Much has been written in academic and popular publications about organizational change. Topics have ranged from case studies to anecdotal stories of how leaders can change an organization. There is little written on changing the culture and vision of a profession at the macro level.
This dissertation shows that one key to effecting change within a profession is to educate those at the entrant level and thereby effect change with the profession. Over time, these new entrants to the profession will rise to senior positions and be able to effect greater change through the hiring, training, and mentoring processes inherent in the professions and the organizations for which they work. One way to effect change in these entrants is through education in college and professional schools. This study is specifically focused on effecting change in the interdisciplinary field of engineering and public policy. Public policy involves countless infrastructure issues at all levels of government. Engineers are well-versed in dealing with the technical issues of infrastructure but their voice is often lacking at the policy level. Similarly, political scientists are well-versed in policy but are often lacking in a thorough understanding of the technical aspects of the policy.
Through an introductory course in engineering and public policy, undergraduate students from the seemingly disparate fields of engineering and political science were placed in a common classroom and through lectures, writings, presentations, and guided discussions their attitudes on key areas were changed. Areas studied were professional interest, legitimacy, deference, the public policy process, and education outside of a specific field. Through the process of education, changes in each of these areas was possible. Further, the movement was towards making students in each discipline more open to the input, opinions, and attitudes of others, and specifically in shifting engineers toward a more positive view of the public policy process. Being exposed to these topics and to each other’s thought processes, changes in professional attitudes were made.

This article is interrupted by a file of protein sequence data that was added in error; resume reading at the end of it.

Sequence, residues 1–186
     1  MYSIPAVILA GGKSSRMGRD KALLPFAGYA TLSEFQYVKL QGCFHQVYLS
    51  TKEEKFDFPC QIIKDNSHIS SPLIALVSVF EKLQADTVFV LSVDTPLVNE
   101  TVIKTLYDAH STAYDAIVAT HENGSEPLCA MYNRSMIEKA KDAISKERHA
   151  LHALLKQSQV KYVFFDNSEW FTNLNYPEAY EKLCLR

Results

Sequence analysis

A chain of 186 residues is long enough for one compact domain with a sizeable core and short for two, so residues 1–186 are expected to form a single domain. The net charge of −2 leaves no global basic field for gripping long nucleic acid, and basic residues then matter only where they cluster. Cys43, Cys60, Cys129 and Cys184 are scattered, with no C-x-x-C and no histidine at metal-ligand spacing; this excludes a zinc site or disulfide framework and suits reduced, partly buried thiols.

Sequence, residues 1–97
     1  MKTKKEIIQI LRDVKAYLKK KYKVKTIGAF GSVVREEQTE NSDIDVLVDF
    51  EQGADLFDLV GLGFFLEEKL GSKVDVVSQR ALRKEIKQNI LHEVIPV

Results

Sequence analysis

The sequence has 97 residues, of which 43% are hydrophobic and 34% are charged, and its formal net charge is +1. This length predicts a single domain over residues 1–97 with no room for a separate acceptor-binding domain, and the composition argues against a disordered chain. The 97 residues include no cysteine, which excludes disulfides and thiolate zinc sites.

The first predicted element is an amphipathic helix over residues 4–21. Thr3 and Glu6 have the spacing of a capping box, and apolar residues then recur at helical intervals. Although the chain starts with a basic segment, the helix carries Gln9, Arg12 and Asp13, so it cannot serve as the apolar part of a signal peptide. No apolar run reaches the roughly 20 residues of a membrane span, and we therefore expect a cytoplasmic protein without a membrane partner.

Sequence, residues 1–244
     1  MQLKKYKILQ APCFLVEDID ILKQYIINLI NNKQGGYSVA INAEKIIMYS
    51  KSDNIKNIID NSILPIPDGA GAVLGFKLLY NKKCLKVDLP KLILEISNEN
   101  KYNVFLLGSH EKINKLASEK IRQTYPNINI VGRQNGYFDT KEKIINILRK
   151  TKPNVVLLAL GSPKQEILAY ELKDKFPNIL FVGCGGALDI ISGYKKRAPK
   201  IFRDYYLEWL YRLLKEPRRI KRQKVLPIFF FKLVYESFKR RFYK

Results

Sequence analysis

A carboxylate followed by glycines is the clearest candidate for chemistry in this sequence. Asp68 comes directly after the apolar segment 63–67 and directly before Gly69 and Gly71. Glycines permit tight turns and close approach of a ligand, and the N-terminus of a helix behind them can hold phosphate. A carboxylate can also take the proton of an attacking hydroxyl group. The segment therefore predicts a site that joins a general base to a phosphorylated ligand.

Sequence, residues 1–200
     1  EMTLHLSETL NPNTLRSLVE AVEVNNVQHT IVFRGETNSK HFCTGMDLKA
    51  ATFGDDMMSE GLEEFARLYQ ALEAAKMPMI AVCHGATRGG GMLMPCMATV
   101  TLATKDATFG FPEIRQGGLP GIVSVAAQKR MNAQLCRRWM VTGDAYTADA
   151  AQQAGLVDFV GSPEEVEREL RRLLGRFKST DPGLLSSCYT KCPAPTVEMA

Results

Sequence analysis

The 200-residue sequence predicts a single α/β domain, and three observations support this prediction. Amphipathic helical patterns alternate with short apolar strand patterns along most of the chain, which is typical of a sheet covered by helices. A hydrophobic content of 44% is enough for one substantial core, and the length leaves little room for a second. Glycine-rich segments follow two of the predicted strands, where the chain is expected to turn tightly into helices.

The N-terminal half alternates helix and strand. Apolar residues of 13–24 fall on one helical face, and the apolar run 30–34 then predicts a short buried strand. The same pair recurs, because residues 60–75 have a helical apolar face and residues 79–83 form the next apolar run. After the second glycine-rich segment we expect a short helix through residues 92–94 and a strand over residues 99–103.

While there is not a specific profession for which any research has been done, the military is used, in places, as an analog to the profession of engineering.
|Advisor:||Emison, Gerald A.|
|Commitee:||French, Philip E., Shaffer, Stephen D., Travis, Rick|
|School:||Mississippi State University|
|Department:||Political Science and Public Administration|
|School Location:||United States -- Mississippi|
|Source:||DAI-A 79/03(E), Dissertation Abstracts International|
|Subjects:||Engineering, Public policy, Organization Theory, Organizational behavior, Science education|
|Keywords:||Engineering and public policy, Engineering education, Lewin, Organizational theory, Public policy|
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